After years of discussion in Broomfield and elsewhere about the need for changes to Colorado Oil and Gas Conservation Commission (COGCC) regulations, at least three areas of rulemaking are moving forward on school setbacks, forced pooling and financial assurance requirements.
1) School Setback Rulemaking
The COGCC is in the rulemaking process to consider a change to measure the 1000 foot setback from the boundary of school property instead of the door of a school building. The final stakeholder meeting will take place on Friday, October 5 from 2 p.m. – 4 p.m. at the COGCC Denver Office and the rest of the schedule can be found here.
On the first day of the COGCC July Hearings, the Commissioners voted 6-3 to grant a petition put forth by the League of Oil and Gas Impacted Coloradans (LOGIC) at the end of 2017 to have the COGCC engage in rulemaking regarding its 1000 foot setback rule from schools. Previous attempts to pass related 2018 legislation were successful in the House and died in the Senate. HB 18-1352 was sponsored by Rep. Mike Foote, Rep. Matt Gray, Sen. Matt Jones and Sen. Irene Aguilar.
2) Forced Pooling Rulemaking
Forced pooling rulemaking is underway and will continue with a hearing on Wednesday, October 3 at the COGCC Denver Office at 9 a.m.
LOGIC is a party in the rulemaking and filed a prehearing party statement that you can read here. Referring to changes made in Senate Bill 18-230, the LOGIC statement requests that citizens be given the full “60-day statutory period… to tender of a reasonable offer to lease before the [forced pooling] hearing.” This was included in reaction to Extraction Oil and Gas’s July 24 letter to Broomfield mineral owners which attempted to shorten this period.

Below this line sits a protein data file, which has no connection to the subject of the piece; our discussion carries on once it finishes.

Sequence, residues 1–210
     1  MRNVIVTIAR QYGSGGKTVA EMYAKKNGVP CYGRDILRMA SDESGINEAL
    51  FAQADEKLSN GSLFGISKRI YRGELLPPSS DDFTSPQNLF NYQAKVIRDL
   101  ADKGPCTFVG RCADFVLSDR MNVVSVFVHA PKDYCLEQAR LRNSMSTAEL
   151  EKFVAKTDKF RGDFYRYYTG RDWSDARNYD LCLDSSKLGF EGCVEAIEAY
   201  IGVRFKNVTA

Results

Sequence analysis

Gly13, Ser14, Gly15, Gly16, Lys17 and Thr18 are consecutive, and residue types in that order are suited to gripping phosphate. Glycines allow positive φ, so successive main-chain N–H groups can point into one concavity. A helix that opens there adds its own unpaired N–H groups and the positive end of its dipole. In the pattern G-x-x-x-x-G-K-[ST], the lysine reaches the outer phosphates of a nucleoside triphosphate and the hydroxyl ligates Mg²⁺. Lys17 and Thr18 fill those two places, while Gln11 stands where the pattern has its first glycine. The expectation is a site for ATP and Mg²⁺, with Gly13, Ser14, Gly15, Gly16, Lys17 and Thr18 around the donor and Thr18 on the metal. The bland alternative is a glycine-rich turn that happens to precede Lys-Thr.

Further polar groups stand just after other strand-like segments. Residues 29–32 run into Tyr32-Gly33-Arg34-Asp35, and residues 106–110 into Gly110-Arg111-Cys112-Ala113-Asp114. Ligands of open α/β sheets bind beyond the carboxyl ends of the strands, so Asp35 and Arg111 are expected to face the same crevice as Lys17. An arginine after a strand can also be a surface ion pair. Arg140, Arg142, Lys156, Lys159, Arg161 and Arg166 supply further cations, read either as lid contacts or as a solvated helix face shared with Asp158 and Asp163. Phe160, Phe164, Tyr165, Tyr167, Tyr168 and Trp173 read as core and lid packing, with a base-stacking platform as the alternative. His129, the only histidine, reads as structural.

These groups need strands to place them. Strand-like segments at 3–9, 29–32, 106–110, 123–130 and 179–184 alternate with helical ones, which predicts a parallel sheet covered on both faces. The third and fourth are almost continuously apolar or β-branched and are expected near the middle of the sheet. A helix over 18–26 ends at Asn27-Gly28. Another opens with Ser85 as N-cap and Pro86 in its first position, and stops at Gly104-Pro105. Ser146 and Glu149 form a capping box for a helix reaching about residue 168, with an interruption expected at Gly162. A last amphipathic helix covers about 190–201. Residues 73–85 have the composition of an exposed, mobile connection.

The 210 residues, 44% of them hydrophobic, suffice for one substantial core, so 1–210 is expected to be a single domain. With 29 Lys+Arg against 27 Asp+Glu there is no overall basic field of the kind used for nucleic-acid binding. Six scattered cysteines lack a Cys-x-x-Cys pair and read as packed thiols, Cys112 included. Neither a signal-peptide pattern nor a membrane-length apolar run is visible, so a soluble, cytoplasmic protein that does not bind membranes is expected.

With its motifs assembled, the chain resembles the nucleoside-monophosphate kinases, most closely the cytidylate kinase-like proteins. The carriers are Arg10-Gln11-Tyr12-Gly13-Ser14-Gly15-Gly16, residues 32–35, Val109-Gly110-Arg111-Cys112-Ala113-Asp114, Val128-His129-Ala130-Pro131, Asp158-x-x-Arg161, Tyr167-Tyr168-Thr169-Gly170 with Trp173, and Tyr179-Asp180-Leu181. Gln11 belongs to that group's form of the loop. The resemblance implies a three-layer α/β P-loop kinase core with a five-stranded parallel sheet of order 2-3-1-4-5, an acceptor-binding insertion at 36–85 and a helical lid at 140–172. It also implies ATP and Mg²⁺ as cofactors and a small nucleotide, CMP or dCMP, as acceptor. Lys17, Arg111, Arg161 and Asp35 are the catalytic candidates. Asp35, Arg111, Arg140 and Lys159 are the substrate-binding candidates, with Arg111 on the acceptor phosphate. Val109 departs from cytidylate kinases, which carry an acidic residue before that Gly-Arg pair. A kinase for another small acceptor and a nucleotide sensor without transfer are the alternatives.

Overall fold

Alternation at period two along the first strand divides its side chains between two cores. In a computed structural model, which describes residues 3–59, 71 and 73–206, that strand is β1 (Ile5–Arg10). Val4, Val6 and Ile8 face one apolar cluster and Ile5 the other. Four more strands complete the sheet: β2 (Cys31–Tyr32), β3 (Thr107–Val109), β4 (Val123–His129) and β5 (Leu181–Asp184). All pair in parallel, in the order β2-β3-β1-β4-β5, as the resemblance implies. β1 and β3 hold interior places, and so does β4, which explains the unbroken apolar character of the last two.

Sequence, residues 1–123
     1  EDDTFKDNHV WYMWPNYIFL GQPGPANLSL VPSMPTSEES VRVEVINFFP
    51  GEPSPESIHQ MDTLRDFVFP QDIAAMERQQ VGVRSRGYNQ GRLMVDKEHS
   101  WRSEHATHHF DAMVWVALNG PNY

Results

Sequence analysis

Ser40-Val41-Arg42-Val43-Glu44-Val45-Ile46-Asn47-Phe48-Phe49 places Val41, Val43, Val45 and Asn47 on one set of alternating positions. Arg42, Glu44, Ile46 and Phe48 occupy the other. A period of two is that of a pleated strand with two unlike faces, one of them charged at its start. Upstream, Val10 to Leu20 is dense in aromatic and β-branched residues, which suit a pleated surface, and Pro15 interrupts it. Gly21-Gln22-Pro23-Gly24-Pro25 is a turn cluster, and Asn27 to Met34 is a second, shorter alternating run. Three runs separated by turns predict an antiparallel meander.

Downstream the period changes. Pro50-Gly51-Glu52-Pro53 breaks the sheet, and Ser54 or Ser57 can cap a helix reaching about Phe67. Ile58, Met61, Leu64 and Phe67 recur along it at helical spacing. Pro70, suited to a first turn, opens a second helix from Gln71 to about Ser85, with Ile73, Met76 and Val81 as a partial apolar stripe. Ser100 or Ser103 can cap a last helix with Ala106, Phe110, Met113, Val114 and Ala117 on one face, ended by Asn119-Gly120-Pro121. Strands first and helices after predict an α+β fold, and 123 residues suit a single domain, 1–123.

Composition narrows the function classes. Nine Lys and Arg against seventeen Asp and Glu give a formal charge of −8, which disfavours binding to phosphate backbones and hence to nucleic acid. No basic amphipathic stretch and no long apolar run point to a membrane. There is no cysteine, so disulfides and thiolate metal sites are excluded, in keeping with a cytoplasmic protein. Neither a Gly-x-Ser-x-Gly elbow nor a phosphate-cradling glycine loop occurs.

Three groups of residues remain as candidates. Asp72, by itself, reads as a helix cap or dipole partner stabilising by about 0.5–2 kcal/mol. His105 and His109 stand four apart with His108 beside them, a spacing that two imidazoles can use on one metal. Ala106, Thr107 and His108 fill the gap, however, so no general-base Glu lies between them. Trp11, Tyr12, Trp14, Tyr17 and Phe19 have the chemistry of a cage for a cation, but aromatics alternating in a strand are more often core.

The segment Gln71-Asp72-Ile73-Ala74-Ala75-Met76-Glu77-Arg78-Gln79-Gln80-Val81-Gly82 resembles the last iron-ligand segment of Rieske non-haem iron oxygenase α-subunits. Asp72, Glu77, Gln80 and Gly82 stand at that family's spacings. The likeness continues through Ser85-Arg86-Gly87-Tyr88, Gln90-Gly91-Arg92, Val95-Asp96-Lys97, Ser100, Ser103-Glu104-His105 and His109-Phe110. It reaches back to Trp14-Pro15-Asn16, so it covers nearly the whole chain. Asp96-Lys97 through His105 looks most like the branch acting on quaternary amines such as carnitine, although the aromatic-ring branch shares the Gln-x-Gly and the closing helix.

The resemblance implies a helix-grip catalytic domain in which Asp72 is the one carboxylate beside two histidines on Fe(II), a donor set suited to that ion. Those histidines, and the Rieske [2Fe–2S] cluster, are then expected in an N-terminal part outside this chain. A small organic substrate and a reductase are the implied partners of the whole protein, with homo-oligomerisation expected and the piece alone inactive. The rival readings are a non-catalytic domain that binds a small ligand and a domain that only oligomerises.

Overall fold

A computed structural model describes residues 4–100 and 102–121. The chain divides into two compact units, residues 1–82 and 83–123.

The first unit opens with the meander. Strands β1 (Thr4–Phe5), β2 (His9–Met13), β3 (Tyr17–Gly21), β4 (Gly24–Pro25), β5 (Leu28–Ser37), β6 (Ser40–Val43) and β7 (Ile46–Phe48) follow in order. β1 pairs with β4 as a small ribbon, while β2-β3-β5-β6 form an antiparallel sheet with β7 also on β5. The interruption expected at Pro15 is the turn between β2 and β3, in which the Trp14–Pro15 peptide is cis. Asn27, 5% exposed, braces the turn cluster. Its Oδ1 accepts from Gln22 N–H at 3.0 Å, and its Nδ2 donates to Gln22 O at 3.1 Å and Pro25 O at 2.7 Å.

The LOGIC prehearing statement also seeks to include clarification in the forced pooling rules regarding liability. It states that “Consistent with SB 18-230, the Rules should provide that any pooling order issued by the Commission must ‘specify that a nonconsenting owner is immune from liability for costs arising from spills, releases, damage, or injury resulting from oil and gas operations in the drilling unit.’ …The current rules impose liability during the penalty phase, and also indicate that mineral owners become working interest owners after the penalty phase, and are then liable as though they participated voluntarily. Consistent with the statute, the rules should clearly exclude such liability.”
According to the City’s Oil and Gas webpage, Broomfield is participating in this forced pooling rulemaking along with other Front Range local governments.
3) Financial Assurance Requirements
Anthem Ranch resident Brad Gibson is participating in the Governor’s technical working group reviewing the current weak financial assurance requirements for oil and gas operators. Brad is participating as a private citizen, formerly with the Broomfield Comprehensive Plan Oil and Gas Task Force and not as part of any advocacy organization. Brad made valuable contributions to the discussion related to bonding and liability of operators while a member of the Task Force but the City was hampered in its ability to impose stricter financial assurance requirements because of State rules.
The working group is expected to report to Governor Hickenlooper by the end of the year with COGCC rulemaking next year, according to the Broomfield Oil and Gas webpage.